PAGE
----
Who are those guys? Lessons from the backyard bird count

The Great Backyard Bird Count was on last weekend, and I did my part, logging all the familiar birds that visit regularly. But there was one trickster in the mix, and it took me a while to figure out that this particular bird breed had fooled me once again.

On Sunday morning, I logged in to the eBird app to record whatever flew into our yard and I spotted on the ground below the main tube feeder what appeared to be an oversized sparrow. The bird was a drab gray for the most part, and I reached for my binoculars to get a better look.

The mystery bird below the feeder.

The beak appeared average in size and didn’t give me any hints, but the head had a slight wash of brown. That should have steered me toward enlightenment, but I was oblivious to what would ultimately seem obvious.

Mystery bird perching by the feeder.

The bird was busy munching the seeds that dropped from the feeder, and I had time to fetch my camera and zoom in. The bird flew up to the feeder for a time, and I soon had a decent assortment of shots that I’d bring up on my laptop.

Even with the images on the screen, I was buffaloed over the ID. I moved the three clearest shots into my Apple photos app and pulled them up in the Merlin app.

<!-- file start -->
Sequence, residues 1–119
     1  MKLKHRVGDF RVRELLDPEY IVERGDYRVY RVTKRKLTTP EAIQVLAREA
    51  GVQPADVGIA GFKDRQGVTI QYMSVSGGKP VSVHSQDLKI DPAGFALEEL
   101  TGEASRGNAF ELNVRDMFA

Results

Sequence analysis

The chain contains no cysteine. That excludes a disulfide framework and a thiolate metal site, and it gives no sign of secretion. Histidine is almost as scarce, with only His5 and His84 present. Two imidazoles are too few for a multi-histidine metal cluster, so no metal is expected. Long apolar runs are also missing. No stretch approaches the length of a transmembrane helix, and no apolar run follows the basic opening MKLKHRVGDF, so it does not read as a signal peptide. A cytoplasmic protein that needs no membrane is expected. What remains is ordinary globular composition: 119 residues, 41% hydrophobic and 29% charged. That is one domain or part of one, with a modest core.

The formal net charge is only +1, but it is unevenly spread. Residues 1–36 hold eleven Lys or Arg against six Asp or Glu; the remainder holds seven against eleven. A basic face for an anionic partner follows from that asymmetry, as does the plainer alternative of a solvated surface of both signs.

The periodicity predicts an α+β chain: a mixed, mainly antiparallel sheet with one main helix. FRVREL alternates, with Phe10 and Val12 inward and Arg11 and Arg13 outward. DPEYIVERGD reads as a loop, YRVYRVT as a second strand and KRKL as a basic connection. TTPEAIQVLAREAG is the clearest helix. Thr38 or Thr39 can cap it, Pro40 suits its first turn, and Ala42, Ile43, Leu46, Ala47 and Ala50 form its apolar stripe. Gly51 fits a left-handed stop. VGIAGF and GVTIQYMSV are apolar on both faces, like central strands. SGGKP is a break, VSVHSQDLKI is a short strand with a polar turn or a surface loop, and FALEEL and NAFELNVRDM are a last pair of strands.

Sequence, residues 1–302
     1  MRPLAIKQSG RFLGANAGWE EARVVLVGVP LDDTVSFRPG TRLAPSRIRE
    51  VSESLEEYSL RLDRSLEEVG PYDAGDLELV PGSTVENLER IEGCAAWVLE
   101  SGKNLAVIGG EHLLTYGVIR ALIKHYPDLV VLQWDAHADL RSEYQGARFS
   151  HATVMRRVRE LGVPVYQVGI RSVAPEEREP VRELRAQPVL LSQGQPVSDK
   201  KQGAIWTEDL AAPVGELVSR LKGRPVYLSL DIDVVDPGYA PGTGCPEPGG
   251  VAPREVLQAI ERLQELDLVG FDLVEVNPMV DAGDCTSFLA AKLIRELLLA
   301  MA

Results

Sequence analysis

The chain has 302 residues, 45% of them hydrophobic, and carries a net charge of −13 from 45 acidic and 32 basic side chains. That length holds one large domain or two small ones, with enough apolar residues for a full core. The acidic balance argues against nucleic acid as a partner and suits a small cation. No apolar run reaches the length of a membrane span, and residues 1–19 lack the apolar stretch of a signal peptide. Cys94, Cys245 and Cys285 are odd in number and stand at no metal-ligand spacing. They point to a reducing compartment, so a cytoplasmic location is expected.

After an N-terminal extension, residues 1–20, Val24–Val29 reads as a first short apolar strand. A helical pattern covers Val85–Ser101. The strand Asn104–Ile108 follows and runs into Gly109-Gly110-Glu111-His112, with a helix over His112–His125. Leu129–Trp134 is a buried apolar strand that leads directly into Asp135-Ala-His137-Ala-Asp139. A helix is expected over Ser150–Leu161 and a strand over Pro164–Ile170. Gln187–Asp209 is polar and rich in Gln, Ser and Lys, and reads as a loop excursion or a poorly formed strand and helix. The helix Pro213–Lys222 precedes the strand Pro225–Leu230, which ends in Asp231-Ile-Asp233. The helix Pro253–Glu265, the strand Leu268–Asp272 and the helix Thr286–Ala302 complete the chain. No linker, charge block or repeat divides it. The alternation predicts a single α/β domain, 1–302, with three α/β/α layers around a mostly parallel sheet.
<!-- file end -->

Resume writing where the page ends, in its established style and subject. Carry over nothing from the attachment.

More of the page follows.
You could have knocked me over with a feather: it was a brown-headed cowbird, most likely a juvenile male. It gave me a bit of solace that Merlin listed the bird as uncommon for this area at this time of year, although I had spotted at least one amid a horde of grackles a few weeks ago.

As I mentioned, this was not the first time I was stumped by a cowbird. At our prior residence about two miles away, I was bedeviled for a couple of weeks by the inability to ID a female cowbird visiting the feeder. I don’t know how many variations of “gray bird that looks like a large sparrow” I typed into Google or how much time I spent in a bird book trying to find the proper ID.

Eventually I figured it out.

In an odd way that long process of frustrated and eventually fulfilled curiosity heightened my interest in birding. Needing to know the answer to “what bird is that?” is my own version of Butch Cassidy looking into the distance at his pursuers and asking aloud, “Who are those guys?”

Published by Dan

University media executive by day, blogger by night, I am a well-traveled resident of New Jersey

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